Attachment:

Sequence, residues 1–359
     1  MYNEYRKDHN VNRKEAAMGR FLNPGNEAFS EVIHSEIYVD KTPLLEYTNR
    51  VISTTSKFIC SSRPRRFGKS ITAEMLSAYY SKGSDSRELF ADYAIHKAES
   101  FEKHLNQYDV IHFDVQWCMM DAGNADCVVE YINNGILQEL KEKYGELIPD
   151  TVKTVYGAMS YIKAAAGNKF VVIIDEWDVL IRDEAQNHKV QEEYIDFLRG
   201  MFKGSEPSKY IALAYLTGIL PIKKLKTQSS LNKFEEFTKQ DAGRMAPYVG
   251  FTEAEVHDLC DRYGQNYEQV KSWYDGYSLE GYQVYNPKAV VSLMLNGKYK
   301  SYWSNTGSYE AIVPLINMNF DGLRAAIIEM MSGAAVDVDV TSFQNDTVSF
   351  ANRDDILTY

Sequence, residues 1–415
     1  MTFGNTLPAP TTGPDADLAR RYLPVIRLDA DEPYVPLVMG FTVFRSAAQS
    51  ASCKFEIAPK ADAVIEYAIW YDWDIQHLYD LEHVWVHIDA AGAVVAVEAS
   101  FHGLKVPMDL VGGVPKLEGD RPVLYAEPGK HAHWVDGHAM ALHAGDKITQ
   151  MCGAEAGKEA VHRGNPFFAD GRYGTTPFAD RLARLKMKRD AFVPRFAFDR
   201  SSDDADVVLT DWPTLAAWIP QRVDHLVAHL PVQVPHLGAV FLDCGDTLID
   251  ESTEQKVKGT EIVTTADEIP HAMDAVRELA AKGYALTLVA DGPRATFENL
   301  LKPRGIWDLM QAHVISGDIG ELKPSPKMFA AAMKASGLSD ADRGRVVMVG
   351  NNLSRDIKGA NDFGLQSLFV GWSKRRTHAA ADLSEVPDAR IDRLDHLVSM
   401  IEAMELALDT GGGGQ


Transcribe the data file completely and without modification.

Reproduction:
Sequence, residues 1–359
     1  MYNEYRKDHN VNRKEAAMGR FLNPGNEAFS EVIHSEIYVD KTPLLEYTNR
    51  VISTTSKFIC SSRPRRFGKS ITAEMLSAYY SKGSDSRELF ADYAIHKAES
   101  FEKHLNQYDV IHFDVQWCMM DAGNADCVVE YINNGILQEL KEKYGELIPD
   151  TVKTVYGAMS YIKAAAGNKF VVIIDEWDVL IRDEAQNHKV QEEYIDFLRG
   201  MFKGSEPSKY IALAYLTGIL PIKKLKTQSS LNKFEEFTKQ DAGRMAPYVG
   251  FTEAEVHDLC DRYGQNYEQV KSWYDGYSLE GYQVYNPKAV VSLMLNGKYK
   301  SYWSNTGSYE AIVPLINMNF DGLRAAIIEM MSGAAVDVDV TSFQNDTVSF
   351  ANRDDILTY

Sequence, residues 1–415
     1  MTFGNTLPAP TTGPDADLAR RYLPVIRLDA DEPYVPLVMG FTVFRSAAQS
    51  ASCKFEIAPK ADAVIEYAIW YDWDIQHLYD LEHVWVHIDA AGAVVAVEAS
   101  FHGLKVPMDL VGGVPKLEGD RPVLYAEPGK HAHWVDGHAM ALHAGDKITQ
   151  MCGAEAGKEA VHRGNPFFAD GRYGTTPFAD RLARLKMKRD AFVPRFAFDR
   201  SSDDADVVLT DWPTLAAWIP QRVDHLVAHL PVQVPHLGAV FLDCGDTLID
   251  ESTEQKVKGT EIVTTADEIP HAMDAVRELA AKGYALTLVA DGPRATFENL
   301  LKPRGIWDLM QAHVISGDIG ELKPSPKMFA AAMKASGLSD ADRGRVVMVG
   351  NNLSRDIKGA NDFGLQSLFV GWSKRRTHAA ADLSEVPDAR IDRLDHLVSM
   401  IEAMELALDT GGGGQ